Which brings me to number six, which was a complete surprise spotted just a couple of days ago. At least the flowers were, the leaves had been noticed and disregarded a bit earlier, such as there is of them. It is coming up from the middle of a clump of Agapanthus inapertus ‘Icicle’ and I can only assume that it was a passenger when I bought it, which is several years ago, and that it has only just reached flowering size, having been unnoticed until this year. It took a bit of hunting to put a name to it, which is Gladiolus tristis. I haven’t started looking for sources of supply but Google images throws up some very tasty forms and I see Silverhill’s name amongst them.

I went out this morning to see if I could get a better Aeonium shot; ended up with reflected morning light instead of direct evening light spoiling the party. Hey ho. The Propagator is wearing out his running shoes some more but has of course posted his six, where you will find the links. Me, I’m off to Trago.

29 thoughts on “Six on Saturday – 30 April 2022

  1. Jim Stephens, your garden is full of the most amazing plants, many of which I’ve never heard of, let alone seen. Beautiful outdoor flowers, and I love all the cactus in your greenhouse. The last shot is perfect!

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  2. Whoa! That aeonium is magnificent. Does Sue put them outdoors during the summer, or do all her succulents remain in her greenhouse? I lost several cuttings this winter due to blasted vine weevils in the pots.

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    1. Most of the succulents stay in, though she usually makes up some big pots of Echeverias which go out. We have a running battle with weevils too, I look for them on my night-time slug patrols, there are never many adults but each lays up to a thousand eggs so each one I find feels worth 20 slugs.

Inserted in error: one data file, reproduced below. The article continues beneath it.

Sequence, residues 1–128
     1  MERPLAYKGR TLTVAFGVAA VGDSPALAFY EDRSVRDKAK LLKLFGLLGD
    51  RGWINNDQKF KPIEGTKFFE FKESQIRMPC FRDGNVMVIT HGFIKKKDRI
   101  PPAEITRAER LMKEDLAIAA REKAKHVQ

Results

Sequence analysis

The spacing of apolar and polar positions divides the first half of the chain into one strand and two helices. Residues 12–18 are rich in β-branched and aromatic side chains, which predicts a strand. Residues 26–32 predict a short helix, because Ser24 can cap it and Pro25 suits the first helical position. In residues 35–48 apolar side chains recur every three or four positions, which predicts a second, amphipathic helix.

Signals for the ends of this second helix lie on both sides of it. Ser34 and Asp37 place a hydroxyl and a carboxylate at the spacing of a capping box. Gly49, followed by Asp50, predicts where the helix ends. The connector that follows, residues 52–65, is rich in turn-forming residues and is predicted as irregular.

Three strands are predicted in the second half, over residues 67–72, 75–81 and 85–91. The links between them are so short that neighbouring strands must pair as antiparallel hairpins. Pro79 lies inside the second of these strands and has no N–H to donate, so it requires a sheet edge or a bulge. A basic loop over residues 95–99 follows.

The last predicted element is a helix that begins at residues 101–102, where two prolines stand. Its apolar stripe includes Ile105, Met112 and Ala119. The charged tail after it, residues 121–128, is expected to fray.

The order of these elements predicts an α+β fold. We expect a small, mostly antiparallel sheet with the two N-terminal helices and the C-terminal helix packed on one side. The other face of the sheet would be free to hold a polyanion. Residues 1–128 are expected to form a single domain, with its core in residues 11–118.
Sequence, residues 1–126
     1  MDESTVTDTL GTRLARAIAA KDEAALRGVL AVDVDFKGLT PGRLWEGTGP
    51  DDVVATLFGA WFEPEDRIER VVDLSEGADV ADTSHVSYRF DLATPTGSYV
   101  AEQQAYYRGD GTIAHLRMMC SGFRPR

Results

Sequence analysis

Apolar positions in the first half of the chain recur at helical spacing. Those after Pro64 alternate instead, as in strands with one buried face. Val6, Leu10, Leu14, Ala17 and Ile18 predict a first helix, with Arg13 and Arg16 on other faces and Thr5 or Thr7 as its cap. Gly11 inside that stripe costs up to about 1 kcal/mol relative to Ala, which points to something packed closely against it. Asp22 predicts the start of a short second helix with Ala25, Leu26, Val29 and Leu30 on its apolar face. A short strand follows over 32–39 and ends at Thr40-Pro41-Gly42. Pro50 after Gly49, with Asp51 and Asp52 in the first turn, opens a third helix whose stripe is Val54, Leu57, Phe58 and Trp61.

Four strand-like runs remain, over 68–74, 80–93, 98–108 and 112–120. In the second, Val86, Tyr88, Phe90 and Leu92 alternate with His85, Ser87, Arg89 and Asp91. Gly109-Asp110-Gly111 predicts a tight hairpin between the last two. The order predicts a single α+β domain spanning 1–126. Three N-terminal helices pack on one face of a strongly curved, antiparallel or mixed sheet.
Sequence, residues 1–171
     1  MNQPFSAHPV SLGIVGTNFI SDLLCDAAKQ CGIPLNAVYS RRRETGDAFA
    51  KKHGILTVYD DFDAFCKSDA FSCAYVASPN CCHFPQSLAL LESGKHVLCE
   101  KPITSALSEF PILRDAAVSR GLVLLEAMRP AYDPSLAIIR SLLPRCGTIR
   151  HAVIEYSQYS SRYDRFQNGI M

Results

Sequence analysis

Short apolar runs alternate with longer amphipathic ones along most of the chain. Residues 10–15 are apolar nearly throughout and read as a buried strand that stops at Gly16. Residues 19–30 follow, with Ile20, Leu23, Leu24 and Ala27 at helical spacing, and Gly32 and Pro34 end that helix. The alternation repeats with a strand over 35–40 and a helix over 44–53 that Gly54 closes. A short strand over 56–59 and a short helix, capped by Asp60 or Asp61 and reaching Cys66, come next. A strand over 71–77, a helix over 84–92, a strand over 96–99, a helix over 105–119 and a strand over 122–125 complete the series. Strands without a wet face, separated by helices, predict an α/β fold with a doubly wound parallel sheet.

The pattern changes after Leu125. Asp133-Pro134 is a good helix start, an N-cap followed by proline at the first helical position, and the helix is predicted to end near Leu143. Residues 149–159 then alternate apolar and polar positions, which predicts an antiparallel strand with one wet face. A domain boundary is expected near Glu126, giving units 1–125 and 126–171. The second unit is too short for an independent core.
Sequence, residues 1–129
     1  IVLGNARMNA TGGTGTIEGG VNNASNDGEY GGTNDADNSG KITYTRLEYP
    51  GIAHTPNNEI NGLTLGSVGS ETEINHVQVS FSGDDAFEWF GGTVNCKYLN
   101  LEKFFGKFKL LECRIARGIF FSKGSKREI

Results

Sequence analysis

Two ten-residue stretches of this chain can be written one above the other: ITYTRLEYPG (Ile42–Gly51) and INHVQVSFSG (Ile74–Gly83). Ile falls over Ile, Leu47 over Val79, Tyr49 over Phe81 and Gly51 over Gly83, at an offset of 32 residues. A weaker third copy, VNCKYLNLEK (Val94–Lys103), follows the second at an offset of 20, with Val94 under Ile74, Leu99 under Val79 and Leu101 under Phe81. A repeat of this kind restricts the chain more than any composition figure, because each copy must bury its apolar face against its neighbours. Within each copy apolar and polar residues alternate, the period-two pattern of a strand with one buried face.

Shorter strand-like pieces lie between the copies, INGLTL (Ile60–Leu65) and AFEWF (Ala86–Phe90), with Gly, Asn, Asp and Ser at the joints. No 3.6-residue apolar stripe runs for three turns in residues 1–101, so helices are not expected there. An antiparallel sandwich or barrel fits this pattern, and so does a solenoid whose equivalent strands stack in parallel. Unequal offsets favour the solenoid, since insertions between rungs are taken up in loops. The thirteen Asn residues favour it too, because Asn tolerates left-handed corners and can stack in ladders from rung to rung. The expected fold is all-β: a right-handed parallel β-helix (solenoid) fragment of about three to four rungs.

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  3. It is such a pleasure to read notes from a person who knows what he is talking about. I do admire your knowledge and your wonderful ability to write about all kinds of things.

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    1. “A circulating library in a town is as an ever-green tree of diabolical knowledge! It blossoms through the year!” R. B. Sheridan.
      “Knowledge comes, but wisdom lingers.” Tennyson.
      “If it rained knowledge, I’d hold out my hand; but I would not give myself the trouble to go in quest of it.” Dr Samuel Johnson.
      “Knowledge is intrinsically worth more than belief, at least on those occasions when we believe we know the difference” Me.

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  4. I’m going to have Kermit’s ‘It’s not easy bein’ green’ in my head all evening now. Funnily enough I’ve just been attempting to remove some Spanish/English Bluebell hybrids in an attempt to control them a bit, but the bulbs seems to have an emergency foliage release mechanism. I’m glad the Acer is doing okay.

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    1. Van Morrison did a version, I think his daughter was a Muppets fan. I’ve never heard the Muppet version and it doesn’t seem like the earworm I want. I see so many Spanish bluebells in garden round here it seems pointless me worrying about mine, so I don’t any more.

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    1. Aeoniums are the least frost hardy of the succulents we grow, though I think there may be some slightly hardier forms that we don’t have. Echeverias are much less trouble.